NFLPA, NFL at odds over new personal conduct policy
The NFL owners unanimously approved a new personal conduct policy, but the NFLPA has blasted the league for being unwilling to negotiate.
NFL owners are meeting in Dallas on Wednesday to discuss a final version of the league’s new personal conduct policy. On Wednesday morning, the Wall Street Journal released a behind-the-scenes report covering commissioner Roger Goodell’s journey to this point, telling the story from Goodell’s perspective. It’s filled with highlights about just how seriously he takes his duty to The Shield, from long nights without pizza to dutifully checking in on America’s little people who clearly benefit from the NFL and the example it makes.
The NFL turned away a proposal for thorough domestic violence training last year
A national non-profit group approached the league last year about conducting a domestic violence education program for players and personnel. The NFL turned them down.
An NFL executive told Esta Soler, president of Futures Without Violence, that the league preferred a short primer, she said.
The new policy, hashed out with owners in some of Manhattan’s finest restaurants, is portrayed as one similar to the previous outside proposal, focused on education and prevention as much as player discipline. However, the NFLPA says differently. The union was mostly left out of the process to come up with the new policy.
Nobody gets pizza until Roger gets pizza
On Sept. 10, two days after the second Rice tape was released, Goodell’s team huddled into the night in an effort to figure out “ways to prove the commissioner wasn’t covering up” for Rice. They ordered pizza, but nobody ate any because they waited for their boss to eat first. Not a good idea. Goodell was obviously more concerned with saving himself to eat, so nobody ate.
During a subsequent meeting, the WSJ reports that Goodell called his daughters to tell them that he would be home for dinner, which makes you wonder if they got to eat that night.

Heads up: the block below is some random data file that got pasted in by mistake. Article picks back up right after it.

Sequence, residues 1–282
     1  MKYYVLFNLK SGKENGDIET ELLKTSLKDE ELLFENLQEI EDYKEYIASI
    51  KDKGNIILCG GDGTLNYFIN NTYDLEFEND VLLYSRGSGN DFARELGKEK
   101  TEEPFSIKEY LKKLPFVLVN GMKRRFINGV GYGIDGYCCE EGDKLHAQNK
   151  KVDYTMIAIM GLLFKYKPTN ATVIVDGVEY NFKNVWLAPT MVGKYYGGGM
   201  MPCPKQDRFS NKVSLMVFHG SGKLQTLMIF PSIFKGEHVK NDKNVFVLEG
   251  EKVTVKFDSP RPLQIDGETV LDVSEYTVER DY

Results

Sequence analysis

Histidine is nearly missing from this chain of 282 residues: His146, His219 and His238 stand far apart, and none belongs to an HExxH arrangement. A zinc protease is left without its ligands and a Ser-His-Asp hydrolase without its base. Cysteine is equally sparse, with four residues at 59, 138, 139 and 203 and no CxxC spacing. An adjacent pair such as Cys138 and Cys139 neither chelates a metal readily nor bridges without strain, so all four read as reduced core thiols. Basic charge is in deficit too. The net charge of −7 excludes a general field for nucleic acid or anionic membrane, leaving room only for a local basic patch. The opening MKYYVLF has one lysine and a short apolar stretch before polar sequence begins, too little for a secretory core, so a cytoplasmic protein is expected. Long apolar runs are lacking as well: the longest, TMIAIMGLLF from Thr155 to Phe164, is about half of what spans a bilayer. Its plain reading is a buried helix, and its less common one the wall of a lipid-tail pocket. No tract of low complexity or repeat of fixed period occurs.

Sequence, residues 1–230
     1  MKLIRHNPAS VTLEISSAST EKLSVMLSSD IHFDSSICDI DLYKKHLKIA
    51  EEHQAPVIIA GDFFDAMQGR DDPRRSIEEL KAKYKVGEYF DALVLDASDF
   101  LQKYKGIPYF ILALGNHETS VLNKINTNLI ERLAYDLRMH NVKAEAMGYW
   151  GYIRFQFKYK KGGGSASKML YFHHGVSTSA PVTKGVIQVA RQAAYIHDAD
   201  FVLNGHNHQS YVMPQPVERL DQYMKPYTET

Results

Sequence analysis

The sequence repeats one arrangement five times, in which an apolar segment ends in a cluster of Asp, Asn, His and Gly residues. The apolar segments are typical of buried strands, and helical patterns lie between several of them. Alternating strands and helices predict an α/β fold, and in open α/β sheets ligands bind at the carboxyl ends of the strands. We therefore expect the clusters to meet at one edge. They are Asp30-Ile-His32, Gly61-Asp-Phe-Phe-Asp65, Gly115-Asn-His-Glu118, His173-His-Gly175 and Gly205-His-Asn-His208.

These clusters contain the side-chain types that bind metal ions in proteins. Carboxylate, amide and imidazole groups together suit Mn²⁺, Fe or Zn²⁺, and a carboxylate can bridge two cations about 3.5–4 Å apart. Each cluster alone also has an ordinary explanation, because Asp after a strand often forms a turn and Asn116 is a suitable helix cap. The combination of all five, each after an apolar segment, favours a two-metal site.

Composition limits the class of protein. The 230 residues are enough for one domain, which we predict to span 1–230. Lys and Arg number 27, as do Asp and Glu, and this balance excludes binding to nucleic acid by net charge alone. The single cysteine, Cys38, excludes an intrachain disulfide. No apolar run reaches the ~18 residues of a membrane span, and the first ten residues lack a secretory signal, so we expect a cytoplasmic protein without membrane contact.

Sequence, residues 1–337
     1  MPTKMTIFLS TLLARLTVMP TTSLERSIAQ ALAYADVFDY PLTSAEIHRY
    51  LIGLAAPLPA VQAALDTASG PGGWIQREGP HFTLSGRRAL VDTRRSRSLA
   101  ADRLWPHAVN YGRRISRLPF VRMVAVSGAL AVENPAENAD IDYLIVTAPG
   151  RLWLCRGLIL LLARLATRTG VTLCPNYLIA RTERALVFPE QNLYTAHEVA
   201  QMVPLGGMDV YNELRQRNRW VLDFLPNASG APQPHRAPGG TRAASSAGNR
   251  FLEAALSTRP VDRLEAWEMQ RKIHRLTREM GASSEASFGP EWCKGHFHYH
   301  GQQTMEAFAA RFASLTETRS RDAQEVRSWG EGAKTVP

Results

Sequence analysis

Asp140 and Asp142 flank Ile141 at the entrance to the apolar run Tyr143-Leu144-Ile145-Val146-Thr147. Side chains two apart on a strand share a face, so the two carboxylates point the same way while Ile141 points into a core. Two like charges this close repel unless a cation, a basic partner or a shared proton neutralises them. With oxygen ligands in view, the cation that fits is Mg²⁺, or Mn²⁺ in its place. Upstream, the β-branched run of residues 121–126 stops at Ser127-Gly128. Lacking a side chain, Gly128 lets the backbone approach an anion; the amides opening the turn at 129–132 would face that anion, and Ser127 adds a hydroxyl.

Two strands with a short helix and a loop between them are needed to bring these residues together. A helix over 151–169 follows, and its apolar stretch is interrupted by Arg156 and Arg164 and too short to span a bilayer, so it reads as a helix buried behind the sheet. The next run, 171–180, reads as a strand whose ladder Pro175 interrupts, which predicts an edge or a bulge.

Goodell can call you anytime he wants
Hungry and desperate for an answer, Jeff Pash, the NFL’s general counsel, floated Robert Mueller to run an independent investigation to
clear Goodell get to the bottom of the league’s handling of the Rice case. It was late in the night. Goodell insisted they call Mueller anyway.
Other CEOs tell Goodell what to do
Remember the commissioner’s rambling press conference apology that was heavy on filler? The CEO of General Electric, Jeff Immelt, suggested he do that.
Mike Singletary is helping shape NFL conduct policy
Goodell got former players to weigh in on what the league should do … not the NFLPA, the legal representation for players, just some former players, including Mike Singletary, also a former head coach. Samurai Mike made a very strong point during a meeting with the commissioner, suggesting The Shield take a heavy-handed approach, slapping the NFL logo on the conference table and saying,
“This means excellence. If a player isn’t living up to that standard, he shouldn’t be part of the NFL brand.”
We can only assume Singletary kept his pants on to make that point.
Roger Goodell occasionally checks in on the salt of the Earth
Chastened, the commissioner traveled to Austin to see the National Domestic Violence Hotline in action. He heard one caller’s story about being abused, and it shocked him enough that he couldn’t even take a glass of wine with his dinner that evening. Instead, he told the waiter, “I need a stiff drink.”
He really is sorry, really
The story makes it clear that Goodell regrets not doing enough in the past when a player was involved in a domestic violence incident.
When you consider the report from Don Van Natta Jr. and Kevin Van Valkenburg of ESPN’s OTL released back in September hours after Goodell’s Frank Luntz-engineered mea culpa press conference, with the Ravens owner pushing to keep Rice’s suspension minimal (it involved golfing at Augusta!), it sounds like the CYA version of saying you misunderstood the power and reach of TMZ.